You’ve probably heard the expression “zero-day” before. The term was initially coined to describe pirated media (music, movies, software, games) in the early days of file-sharing. Pirated media was referred to as a “zero-day” when made available on the same day or before the official release. It is made public zero days after it is officially released.
But that was then, and this is now. Today, the expression “zero-day” describes software vulnerabilities and exploits. In the world of IT, a zero-day vulnerability is a software bug of which the public and the vendor are not aware. We can also apply the expression “zero-day” to known vulnerabilities with no available patch.
A zero-day exploit is quite simply an attack that exploits the zero-day vulnerability to compromise a user, system, app, network, etc. And by the time the vendor becomes aware of it, they have zero days to fix it, as it’s already been actively exploited.
How do zero-day exploits work?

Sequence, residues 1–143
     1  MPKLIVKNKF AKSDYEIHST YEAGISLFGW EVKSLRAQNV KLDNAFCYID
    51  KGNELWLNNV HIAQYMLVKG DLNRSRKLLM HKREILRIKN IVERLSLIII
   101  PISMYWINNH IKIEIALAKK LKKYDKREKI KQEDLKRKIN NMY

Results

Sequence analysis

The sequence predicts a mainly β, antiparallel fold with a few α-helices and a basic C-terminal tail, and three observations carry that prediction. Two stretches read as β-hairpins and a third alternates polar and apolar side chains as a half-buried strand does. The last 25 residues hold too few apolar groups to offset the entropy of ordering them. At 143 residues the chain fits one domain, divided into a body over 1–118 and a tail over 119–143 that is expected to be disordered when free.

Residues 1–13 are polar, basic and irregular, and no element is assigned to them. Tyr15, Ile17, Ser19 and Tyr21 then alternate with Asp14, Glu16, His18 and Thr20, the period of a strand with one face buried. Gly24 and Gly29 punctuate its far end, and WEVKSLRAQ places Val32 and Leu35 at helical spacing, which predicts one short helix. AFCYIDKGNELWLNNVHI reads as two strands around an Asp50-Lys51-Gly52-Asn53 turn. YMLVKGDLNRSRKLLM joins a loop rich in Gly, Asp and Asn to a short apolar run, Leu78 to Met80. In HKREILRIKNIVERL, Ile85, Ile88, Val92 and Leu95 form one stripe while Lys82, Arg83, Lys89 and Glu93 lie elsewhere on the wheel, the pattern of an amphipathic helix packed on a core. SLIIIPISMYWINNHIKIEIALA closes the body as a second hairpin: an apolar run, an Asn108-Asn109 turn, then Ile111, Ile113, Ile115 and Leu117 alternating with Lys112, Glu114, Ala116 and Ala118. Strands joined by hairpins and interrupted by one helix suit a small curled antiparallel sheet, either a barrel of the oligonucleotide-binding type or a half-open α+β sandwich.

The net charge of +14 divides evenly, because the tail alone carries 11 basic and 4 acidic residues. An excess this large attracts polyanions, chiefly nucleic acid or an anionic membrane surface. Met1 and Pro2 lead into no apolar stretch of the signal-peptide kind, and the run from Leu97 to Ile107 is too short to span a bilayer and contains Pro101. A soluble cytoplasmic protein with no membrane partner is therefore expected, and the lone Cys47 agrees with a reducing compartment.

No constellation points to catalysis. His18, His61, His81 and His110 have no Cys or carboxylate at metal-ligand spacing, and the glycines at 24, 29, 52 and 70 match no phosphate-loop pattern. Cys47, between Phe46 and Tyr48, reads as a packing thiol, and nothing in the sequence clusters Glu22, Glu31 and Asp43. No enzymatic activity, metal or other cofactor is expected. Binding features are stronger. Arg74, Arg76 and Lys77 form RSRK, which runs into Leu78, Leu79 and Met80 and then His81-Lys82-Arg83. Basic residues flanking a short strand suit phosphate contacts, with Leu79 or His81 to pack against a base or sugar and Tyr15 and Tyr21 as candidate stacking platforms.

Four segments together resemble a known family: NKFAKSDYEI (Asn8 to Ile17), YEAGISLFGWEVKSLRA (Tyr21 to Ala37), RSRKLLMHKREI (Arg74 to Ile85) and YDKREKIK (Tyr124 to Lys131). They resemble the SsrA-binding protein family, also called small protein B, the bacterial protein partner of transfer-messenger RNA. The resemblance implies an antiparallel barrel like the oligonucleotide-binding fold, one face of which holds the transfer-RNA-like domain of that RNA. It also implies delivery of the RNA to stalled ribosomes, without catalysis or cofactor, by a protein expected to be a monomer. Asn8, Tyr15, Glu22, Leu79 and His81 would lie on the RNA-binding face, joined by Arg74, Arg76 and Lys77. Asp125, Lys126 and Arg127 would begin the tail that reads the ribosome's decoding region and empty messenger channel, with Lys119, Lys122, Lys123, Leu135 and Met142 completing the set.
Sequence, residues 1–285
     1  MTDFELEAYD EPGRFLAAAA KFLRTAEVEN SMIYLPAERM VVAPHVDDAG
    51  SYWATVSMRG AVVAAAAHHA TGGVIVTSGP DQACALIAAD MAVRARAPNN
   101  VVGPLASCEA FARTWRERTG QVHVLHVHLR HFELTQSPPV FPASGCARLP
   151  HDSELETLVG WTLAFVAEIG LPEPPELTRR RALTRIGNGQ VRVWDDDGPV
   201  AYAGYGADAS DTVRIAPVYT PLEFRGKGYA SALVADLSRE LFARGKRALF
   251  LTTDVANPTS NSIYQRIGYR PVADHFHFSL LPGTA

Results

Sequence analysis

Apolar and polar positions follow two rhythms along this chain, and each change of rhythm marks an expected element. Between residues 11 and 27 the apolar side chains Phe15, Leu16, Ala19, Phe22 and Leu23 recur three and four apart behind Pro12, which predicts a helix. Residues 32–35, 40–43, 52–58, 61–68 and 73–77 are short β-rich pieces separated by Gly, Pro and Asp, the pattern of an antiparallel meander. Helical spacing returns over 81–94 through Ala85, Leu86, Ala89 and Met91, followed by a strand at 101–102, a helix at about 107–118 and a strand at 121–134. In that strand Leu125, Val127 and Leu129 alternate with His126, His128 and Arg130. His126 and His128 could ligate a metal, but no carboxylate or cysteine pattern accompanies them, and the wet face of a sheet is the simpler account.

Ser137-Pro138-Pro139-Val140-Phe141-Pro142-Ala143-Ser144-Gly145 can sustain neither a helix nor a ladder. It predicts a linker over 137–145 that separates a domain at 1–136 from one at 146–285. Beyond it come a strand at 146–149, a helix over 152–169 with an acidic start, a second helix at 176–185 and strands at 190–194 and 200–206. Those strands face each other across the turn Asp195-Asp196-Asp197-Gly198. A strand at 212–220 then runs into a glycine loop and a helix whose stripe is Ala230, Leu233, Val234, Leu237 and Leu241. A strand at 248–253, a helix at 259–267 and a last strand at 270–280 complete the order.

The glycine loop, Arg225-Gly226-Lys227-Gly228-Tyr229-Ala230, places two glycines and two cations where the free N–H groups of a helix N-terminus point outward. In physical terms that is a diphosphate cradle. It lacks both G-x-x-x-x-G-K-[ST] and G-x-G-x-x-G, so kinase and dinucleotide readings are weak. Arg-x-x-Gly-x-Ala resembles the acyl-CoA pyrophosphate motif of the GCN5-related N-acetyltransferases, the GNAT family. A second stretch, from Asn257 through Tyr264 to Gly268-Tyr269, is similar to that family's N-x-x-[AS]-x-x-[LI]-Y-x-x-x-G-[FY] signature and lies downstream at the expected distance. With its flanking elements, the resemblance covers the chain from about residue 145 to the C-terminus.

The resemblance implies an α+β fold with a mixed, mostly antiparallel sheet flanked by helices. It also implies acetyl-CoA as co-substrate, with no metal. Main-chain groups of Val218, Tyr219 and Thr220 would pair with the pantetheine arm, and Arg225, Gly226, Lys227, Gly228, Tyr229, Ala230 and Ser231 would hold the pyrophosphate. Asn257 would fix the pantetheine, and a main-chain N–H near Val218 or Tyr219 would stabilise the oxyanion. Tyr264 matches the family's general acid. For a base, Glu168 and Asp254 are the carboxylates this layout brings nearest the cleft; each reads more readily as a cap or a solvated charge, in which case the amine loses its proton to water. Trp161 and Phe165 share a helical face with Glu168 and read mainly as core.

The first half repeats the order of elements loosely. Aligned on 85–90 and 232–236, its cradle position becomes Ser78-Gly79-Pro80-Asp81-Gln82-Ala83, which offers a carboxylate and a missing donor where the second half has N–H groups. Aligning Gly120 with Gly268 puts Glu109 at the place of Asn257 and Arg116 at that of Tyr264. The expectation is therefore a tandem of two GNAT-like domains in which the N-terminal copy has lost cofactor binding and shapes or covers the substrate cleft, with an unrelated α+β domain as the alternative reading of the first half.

- A vendor develops a software product (an operating system, an application, a library, etc.), that contains vulnerable code, unbeknownst to them at the time, through a programming error or oversight.
- The vulnerability is unknown by the vendor, or no current patch exists to mitigate the vulnerability.
- A malicious actor scans various organizations’ networks, websites, etc., and eventually discovers the vulnerability. They then craft an exploit to take advantage of it.
- An attack is mounted using the exploit against an organization (network, server, website, web app, etc.). The result of the attack can be almost anything (denial of service, server takeover, compromised credentials, etc.).
- The vulnerability is disclosed, and the vendor has zero days to mitigate the attack either because the attack is what tipped them off or because they simply do not know how to patch the vulnerability yet.
- If the attack is mounted using malware, antivirus signatures are typically released a few days after the disclosure has occurred.
- A few days or weeks later, depending on the complexity of the exploit, a security patch is released.